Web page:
So far this year, and ahead of next week's NATO summit in Belgium, the commanders of the Pentagon's Unified Combatant Commands and NATO Secretary General Jens Stoltenberg have denounced and thundered against Russia and China as rivals and adversaries in every part of the world, with Iran and North Korea identified as second-tier threats. All four are treated as nuclear powers, real or imagined. They are the Axis of Evil of 2021, supplanting that of 2001.
In recent weeks a fifth nation has been added: Belarus. The momentum to brand it as such has been mounting since last August when the West supported presidential candidate Sviatlana Tsikhanouskaya against the then-incumbent president, Alexander Lukashenko. It reached a record level after the Belarusian government's landing of a Ryanair passenger plane with opposition figure Roman Protasevich on board last month. NATO has taken up the refrain with a vengeance, speaking in menacing terms not heard since the depth of the Cold War of a threat posed by "Minsk and Moscow" to Europe and the world. (Fifty years ago it would have been the Free World.)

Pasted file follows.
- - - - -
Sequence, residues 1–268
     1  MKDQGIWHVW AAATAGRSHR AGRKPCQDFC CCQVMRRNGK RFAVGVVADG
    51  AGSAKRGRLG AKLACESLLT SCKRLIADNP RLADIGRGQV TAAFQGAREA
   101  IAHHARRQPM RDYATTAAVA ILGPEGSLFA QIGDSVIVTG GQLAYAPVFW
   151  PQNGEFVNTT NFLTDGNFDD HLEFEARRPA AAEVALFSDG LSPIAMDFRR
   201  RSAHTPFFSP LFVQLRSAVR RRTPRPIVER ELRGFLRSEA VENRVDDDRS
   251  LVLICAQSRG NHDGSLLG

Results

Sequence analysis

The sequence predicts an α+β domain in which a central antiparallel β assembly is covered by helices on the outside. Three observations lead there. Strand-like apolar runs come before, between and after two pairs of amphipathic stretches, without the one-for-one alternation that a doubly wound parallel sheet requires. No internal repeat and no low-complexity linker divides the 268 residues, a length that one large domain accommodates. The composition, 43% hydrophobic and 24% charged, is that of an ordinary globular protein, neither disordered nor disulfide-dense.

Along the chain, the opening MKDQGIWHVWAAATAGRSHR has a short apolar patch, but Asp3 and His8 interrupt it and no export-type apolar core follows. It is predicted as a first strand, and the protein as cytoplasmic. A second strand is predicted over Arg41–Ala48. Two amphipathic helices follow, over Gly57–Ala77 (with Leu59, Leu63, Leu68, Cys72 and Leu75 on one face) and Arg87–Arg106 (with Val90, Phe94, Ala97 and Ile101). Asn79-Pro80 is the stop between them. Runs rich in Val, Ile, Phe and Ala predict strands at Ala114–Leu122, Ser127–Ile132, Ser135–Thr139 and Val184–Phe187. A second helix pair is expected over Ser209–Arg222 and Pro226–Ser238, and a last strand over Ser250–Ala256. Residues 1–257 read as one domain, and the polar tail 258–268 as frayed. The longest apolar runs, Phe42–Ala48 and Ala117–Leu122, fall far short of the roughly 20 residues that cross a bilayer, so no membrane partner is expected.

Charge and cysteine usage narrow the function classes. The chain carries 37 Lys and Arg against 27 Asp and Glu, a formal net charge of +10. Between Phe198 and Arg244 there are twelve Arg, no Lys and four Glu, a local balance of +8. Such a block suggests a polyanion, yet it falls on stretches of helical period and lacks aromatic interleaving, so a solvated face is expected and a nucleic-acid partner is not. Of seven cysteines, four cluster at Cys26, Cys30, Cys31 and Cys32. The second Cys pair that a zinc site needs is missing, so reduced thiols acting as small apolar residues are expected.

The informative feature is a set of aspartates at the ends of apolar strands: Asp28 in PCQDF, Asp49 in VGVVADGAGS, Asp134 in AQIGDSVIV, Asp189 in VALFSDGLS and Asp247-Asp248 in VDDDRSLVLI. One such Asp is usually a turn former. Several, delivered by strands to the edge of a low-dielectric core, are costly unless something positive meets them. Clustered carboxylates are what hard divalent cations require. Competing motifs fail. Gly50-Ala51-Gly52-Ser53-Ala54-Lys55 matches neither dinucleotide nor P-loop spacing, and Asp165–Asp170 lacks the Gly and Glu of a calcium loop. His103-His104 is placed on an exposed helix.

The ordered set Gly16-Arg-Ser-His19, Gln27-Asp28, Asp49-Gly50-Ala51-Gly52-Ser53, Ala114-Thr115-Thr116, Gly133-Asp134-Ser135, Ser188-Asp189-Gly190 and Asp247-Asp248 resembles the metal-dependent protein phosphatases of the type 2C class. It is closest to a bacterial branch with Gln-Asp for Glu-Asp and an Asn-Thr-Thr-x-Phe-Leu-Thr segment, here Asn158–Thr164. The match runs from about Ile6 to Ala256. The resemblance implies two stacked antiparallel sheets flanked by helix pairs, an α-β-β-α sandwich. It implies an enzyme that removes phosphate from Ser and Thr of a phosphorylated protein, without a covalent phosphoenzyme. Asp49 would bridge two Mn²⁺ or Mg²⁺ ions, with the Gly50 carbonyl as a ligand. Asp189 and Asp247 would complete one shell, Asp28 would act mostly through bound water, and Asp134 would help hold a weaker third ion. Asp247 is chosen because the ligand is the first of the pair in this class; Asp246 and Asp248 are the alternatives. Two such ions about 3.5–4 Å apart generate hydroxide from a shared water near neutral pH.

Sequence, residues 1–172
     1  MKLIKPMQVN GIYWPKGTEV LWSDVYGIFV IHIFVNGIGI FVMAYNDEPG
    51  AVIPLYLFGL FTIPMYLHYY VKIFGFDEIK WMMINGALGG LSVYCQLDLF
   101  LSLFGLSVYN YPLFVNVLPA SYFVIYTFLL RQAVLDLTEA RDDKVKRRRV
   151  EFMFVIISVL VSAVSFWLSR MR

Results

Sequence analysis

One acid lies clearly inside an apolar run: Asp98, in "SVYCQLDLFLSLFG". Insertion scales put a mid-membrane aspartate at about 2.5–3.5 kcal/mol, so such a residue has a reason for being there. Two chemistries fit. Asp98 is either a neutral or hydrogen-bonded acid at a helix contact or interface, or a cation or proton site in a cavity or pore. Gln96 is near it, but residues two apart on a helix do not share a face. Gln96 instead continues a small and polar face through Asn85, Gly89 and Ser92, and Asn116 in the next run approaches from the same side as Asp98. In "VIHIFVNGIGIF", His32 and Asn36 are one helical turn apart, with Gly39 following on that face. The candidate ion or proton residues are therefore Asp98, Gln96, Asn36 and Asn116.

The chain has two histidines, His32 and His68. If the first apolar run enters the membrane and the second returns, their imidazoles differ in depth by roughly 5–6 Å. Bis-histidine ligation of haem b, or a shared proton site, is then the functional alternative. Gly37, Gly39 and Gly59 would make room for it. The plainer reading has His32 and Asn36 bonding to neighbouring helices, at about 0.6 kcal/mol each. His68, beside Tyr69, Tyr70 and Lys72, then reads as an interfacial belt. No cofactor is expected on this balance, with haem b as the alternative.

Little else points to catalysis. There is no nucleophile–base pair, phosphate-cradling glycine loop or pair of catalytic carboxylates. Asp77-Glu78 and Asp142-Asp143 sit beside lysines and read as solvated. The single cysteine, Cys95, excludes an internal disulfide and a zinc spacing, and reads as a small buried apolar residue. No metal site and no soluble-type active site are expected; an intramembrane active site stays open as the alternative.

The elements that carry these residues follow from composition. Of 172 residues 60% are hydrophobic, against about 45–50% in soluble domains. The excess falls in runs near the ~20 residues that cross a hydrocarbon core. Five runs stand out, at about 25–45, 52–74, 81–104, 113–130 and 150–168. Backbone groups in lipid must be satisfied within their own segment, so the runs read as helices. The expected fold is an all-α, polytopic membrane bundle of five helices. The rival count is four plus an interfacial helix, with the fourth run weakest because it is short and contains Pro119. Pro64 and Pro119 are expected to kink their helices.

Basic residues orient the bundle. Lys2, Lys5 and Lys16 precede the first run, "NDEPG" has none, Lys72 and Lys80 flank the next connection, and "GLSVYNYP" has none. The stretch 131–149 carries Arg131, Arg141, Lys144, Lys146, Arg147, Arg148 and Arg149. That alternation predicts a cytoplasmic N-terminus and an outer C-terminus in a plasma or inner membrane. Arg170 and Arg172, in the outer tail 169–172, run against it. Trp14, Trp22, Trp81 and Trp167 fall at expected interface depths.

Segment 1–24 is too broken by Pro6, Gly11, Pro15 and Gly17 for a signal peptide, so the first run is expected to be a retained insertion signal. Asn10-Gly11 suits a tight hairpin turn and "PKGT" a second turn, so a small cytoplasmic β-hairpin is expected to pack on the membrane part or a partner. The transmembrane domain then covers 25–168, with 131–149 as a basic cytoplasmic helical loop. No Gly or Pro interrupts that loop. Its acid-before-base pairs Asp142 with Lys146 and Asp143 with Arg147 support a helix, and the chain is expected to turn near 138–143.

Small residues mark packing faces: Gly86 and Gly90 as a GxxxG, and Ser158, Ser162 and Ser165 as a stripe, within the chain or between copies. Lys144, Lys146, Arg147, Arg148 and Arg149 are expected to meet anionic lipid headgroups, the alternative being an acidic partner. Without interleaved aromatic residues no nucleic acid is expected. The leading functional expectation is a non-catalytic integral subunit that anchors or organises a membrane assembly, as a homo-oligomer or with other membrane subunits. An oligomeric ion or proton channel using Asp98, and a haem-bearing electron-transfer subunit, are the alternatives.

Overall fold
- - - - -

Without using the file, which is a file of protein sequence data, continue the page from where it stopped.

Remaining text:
Belarus is the only European nation (excluding microstates) except Russia that is not a NATO member or aspiring member, which doesn't host regular NATO- and U.S.-led war games and which has not supplied troops for NATO operations in Kosovo, Afghanistan, Iraq and elsewhere. In short, it's bad example that must be made an example of.
On June 9 Sviatlana Tsikhanouskaya spoke by telephone from the Czech Republic, where she now resides, to the U.S. Senate Foreign Relations Committee and urged it to promote sanctions by the U.S. and the European Union against her homeland, which she took the occasion of libeling as "the North Korea of Europe." By her definition Belarus could have been a member of the first as well as the current Axis of Evil.